Q: How did you get into dogs and what lifestyle do associate you with them?
A: My daughter worked on us for 7 years and finally convinced us to get a dog. The fact that miniature poodles do not shed and do not need constant exercise, meant that our lifestyle wouldn't be too affected by the new addition to our family. Tobi is very cuddly!
Q: How often do you talk to your dog and about what (fashion, style...)?
A: I talk to him a lot, but mostly about how cute he is and what he still needs to learn.
Q: Your favourite restaurants, bars, cafes and parks with dog?
A: We love the Augarten! We make regular visits.
Q: Which dog habits do you prefer to keep under wraps and what do you insist on?
A: I can't quite understand the constant sniffing of every piece of dirt on the street, but I have to take it in stride. I insist that he is bathed regularly and doesn't get anything from the dining table. Otherwise, I'm probably not very strict.
Q: Do you travel with your dog and where do you prefer to go? And what should not be missing?
A: For the time being only within Austria and mostly to the countryside. We are still getting him used to traveling in the car. As with human children, his food and toys are packed - and the cuddly blanket!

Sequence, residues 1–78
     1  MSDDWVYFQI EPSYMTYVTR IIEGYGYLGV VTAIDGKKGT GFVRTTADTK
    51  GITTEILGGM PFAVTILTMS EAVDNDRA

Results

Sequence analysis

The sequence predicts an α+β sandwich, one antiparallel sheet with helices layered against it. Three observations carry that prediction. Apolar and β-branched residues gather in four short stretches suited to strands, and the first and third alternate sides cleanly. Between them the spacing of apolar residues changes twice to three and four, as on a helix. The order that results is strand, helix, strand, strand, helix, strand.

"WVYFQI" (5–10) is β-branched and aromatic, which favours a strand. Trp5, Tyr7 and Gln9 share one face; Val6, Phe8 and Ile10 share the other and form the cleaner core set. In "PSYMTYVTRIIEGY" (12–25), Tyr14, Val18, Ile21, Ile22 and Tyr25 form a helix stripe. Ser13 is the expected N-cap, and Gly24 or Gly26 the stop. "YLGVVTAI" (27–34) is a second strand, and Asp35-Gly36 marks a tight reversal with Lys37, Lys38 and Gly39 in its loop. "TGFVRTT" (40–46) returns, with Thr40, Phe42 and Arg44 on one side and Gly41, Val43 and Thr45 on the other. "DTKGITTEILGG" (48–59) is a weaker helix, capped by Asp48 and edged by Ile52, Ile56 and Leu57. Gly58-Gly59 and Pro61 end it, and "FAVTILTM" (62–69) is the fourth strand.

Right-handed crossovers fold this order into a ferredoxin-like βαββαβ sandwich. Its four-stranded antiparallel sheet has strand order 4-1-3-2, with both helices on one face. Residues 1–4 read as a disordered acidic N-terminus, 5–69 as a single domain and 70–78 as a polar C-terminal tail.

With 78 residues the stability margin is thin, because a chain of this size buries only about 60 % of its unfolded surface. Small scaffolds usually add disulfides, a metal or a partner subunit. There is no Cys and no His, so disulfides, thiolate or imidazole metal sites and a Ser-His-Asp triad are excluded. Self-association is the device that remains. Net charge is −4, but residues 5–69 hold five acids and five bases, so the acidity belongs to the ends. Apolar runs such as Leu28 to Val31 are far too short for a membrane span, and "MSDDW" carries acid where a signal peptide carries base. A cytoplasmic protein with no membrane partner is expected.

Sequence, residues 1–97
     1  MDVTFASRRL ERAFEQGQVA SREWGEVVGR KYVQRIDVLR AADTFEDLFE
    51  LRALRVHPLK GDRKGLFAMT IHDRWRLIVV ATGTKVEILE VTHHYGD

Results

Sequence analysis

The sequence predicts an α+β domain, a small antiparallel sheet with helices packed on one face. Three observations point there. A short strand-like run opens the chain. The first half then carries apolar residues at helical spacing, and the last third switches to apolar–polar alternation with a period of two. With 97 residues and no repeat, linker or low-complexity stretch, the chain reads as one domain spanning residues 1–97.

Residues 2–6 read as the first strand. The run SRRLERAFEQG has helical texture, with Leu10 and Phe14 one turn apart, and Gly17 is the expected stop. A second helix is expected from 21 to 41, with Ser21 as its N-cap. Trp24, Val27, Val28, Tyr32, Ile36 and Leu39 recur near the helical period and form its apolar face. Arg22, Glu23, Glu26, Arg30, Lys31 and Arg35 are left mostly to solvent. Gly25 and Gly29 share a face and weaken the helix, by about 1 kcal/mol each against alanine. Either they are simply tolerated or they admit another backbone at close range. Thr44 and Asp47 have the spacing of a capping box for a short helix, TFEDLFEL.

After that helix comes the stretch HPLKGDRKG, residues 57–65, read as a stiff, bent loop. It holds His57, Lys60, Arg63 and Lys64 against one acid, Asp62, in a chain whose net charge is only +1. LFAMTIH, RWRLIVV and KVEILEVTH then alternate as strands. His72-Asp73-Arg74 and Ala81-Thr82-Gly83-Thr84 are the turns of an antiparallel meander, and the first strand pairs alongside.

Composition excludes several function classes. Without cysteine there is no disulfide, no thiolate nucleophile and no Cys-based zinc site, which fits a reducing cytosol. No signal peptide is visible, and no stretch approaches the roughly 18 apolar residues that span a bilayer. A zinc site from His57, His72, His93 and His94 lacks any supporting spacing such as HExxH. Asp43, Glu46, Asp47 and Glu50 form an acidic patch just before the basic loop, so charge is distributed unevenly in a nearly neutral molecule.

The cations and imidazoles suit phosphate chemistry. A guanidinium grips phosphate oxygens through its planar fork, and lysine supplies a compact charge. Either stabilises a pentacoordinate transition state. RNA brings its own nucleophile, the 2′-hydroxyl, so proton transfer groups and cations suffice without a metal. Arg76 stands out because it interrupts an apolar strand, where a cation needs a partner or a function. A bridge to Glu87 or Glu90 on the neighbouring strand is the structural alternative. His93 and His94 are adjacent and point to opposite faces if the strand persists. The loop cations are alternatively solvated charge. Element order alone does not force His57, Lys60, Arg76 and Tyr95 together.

Q: What do you value in dog accessories?
A: As with all things, I prefer to buy quality over quantity. Similar to the children's accessories, I don't like too much plastic or gaudy designs!
ABOUT MARIE KREUTZER
Director Marie Kreutzer triumphed with her film "Corsage" about the Sisi myth, the rebellion against the corset and #MeToo in Cannes. The Graz-born filmmaker has been passionately making films for over 20 years. Her feature film “Der Boden unter den Füßen” was invited to compete for the Golden Bear at the Berlin International Film Festival 2019. She follows up with Corsage (2022), a historical drama about Empress Elisabeth of Austria-Hungary, portrayed by Vicky Krieps, now opening in Austria. "The freedom to form her own Sisi composition from the sources, which not only echoes through the steep walls of history, but also has something of significance to communicate to the present, was crucial for Marie Kreutzer.